"I want to let people know that I didn't want to go. I loved playing here," said Paup, who lives on a 7-acre farm outside DePere. "The Packers gave me the chance to play in the NFL. The treated me well. I always thought I was going to be a Packer."
The team intends to make him a Packer in retirement, according to director of pro personnel Reggie McKenzie.
"(Mike Sherman) won't have any problem with that but he doesn't want to do anything like that unless it's in the off-season," McKenzie told the Milwaukee Journal-Sentinel. "We'd sign him and cut him the next day. Coach wants to have the right time."
Paul was the Packers' sixth-round draft choice out of Northern Iowa in 1990. He played five seasons here, including his outstanding 1994 season when he started 18 games and tallied 9.5 sacks, four interceptions, 100 tackles, three forced fumbles and one fumble recovery. That season concluded with his first Pro Bowl berth.
Those impressive numbers came at the right time for Paup, but not for the Packers. Green Bay lost the linebacker to free agency when Buffalo offered Paup a three-year, $7.6 million deal.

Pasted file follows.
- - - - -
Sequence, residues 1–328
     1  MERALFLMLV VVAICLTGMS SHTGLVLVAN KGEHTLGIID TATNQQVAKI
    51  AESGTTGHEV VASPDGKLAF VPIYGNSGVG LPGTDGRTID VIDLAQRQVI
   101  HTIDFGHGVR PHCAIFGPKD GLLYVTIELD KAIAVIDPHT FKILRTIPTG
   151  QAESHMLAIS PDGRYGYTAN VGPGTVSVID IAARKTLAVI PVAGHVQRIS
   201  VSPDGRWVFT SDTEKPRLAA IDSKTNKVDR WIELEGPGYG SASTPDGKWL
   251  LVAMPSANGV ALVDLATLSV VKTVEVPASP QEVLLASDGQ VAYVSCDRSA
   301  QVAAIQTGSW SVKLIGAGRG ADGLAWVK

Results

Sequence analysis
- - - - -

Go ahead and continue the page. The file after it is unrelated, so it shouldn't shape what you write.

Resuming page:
"One thing I really didn't like is I wanted to be here when they won it again," Paup said. "I had a feeling that staff was going to win it."
Paup played three seasons in Buffalo where he led the league in sacks (17.5) in 1995 and was named AP Player of the Year. He departed for Jacksonville and a $22 million deal in 1998. Jacksonville cut Paup in 2000 and the linebacker signed with Minnesota. Paup was out of football in 2001.
Paup is in the Green Bay area to stay, he said. He lives on his Wisconsin farm with his wife Denise and their four children. He and his brother-in-law recently started a construction company here.
"I don't need a big fanfare. I'm living in town and would like to retire as a Packer.
"Green Bay's not too big. I have a nice church and found a nice school for my kids. It's just a nice place to live."